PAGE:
A part of whilst apart from
How immersive technologies can bring isolated team members together.
Team working isn’t as easy as it sounds, but feeling part of a team is much easier when you’re in the same space, interacting freely, picking up on nuanced behaviours, making eye contact, engaging in idle chit-chat that is the essential oil of strong working relationships.
However, for many teams, the notion of being together as they carry out their work is fantastical. For these teams, they are lucky to get together three times a year, when they fly in from all over the world to develop strategies and address big enterprise issues. I’m talking about global leadership teams here, but there are many other examples of teams that are geographically dispersed, even within the same country, state or city, who can only manage to meet physically very infrequently.
For instance, I recently had a meeting with a colleague in Liverpool. We arranged to meet in the City Centre near Lime Street Train Station. I travelled over from Manchester, just 40 miles away, and my journey took one-hour-and-forty-minutes (each way). He travelled 2 miles across town and his journey took forty-five minutes. Between us, we clocked up four-hours and fifteen minutes travel time, for a 90-minute meeting. Neither of us regretted the travel, but we won’t necessarily do the same thing the next time we need to talk.
There is no doubt that much more can be achieved when team members congregate in the same room to thrash out ideas and make decisions, than when they are forced to do their work by phone or video-conferencing. It’s like the difference between live theatre and cinema: both do sort of the same thing, but the experience is very different. The energy and risk associated with live theatre, and the agency that an audience has to affect the experience is so much greater than with the passivity of cinema.
Even though it is logistically difficult and costly to get team members together more than a few times a year, most dispersed teams at least make the effort. They do so because they know the experience is richer and that there are things they can do together that are currently difficult or impossible to do whilst apart. The impact on building connections and developing closer relationships is far greater when people can engage all their five senses in a shared physical space.
The challenge we identified and set for ourselves here at Kay-Lambert Associates, was how to create a new way of dispersed teams carrying out their business in a collegiate way, and continuing to engage in team development activities without always having to be in the same physical space. Not only would this contribute to a huge financial saving for our clients, but it would also make it possible for teams to focus on team development more frequently, simply by connecting with each other through a new platform.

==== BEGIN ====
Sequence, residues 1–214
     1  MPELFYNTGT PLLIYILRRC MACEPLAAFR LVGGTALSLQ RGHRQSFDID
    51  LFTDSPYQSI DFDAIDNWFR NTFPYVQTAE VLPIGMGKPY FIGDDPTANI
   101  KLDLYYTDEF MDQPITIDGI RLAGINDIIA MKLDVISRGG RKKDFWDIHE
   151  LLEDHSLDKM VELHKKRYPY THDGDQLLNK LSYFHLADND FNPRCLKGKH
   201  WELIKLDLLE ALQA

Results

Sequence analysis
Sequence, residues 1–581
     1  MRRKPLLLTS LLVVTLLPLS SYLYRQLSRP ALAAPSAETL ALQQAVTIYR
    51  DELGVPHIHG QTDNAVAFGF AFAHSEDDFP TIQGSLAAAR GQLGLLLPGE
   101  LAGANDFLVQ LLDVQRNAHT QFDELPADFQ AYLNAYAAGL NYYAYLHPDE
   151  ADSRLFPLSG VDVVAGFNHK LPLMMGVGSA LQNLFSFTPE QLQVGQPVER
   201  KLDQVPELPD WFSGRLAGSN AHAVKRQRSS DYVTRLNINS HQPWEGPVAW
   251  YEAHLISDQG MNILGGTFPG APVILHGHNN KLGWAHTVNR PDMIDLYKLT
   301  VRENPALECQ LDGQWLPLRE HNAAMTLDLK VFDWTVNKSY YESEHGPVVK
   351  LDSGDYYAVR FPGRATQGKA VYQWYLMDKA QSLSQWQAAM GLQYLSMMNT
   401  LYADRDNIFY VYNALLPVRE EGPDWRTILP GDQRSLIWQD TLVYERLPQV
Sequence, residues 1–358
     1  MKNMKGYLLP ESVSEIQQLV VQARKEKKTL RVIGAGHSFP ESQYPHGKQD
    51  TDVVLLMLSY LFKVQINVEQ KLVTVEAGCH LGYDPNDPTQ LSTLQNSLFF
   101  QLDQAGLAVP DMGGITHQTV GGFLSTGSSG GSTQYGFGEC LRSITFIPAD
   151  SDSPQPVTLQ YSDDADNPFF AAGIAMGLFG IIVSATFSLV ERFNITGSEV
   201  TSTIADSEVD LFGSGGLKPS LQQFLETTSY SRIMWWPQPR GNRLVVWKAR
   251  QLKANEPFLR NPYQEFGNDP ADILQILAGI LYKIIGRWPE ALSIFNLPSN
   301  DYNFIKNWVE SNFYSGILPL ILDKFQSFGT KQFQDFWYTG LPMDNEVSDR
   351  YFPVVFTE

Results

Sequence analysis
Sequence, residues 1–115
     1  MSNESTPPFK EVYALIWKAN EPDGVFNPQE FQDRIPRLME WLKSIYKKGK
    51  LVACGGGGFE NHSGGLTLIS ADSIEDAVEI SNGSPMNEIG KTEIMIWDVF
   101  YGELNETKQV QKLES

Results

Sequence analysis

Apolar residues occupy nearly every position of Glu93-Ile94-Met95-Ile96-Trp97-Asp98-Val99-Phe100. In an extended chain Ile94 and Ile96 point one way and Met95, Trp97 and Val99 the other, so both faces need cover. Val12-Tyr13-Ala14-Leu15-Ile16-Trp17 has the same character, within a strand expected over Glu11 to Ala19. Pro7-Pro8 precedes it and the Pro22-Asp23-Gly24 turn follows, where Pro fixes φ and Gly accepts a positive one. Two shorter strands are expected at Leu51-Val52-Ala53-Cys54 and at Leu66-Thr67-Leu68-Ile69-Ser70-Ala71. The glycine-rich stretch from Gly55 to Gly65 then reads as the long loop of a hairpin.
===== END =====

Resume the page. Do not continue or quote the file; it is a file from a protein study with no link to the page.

Technology is advancing at pace. The impossible is becoming possible. The barely possible yesterday is old news tomorrow. It can be our friend or our enemy; an aid or an impediment; a concentrator or a distraction. And people involved in working with teams, will have little choice but to harness the power of this technology to keep teams together, maintain team development momentum, and help people build strong connections with their team colleagues.
It’s a challenge that our company, Kay-Lambert Associates, are facing head on. We’ve teamed up with Immersive Storylab, an exciting and creative immersive tech company with experience in the film, tv, gaming and live events, to develop solutions for remote and dispersed teams that keep people feeling emotionally connected and a part of something bigger than themselves, even when they are apart.
Through the combined use of immersive technologies, gamification, AI and strong team metrics, we are developing systems that can replicate and, in some cases, enhance what is possible in a physical meeting, through an engaging virtual one.
Whilst the task isn’t small, the compulsion is huge. Environmental considerations must begin to take centre-stage when determining the cost value of people traveling from all four corners of the world to meet in a single location. And efficiency considerations need to come to the fore, ensuring that teams can continue to be productive, as teams, even when its members are physically separated. So, whilst there is clearly a financial imperative, this is more than matched by climate and productivity drivers.
Over four hours travel for a ninety-minute meeting doesn’t always make good sense, so our goal is to create something that is sufficiently compelling for team members to see it as a viable alternative to hopping on a plane for twelve hours, or a train for three.
Something that generates the same level of interest, engagement and excitement that can be achieved through meeting colleagues in person.
Something that generates the same levels of energy and participation that you get in a workshop.
And something that gently steers the team towards ever better ways of working together. In this way, team development doesn’t have to be put on hold until everyone can rock up in the same physical room.
People will continue to need to meet. There truly is no complete substitute for the type of interaction that takes place with proximity, where all our senses are engaged. But that doesn’t mean we have to go without developing those vital connections and team working practices just because we can’t share a room.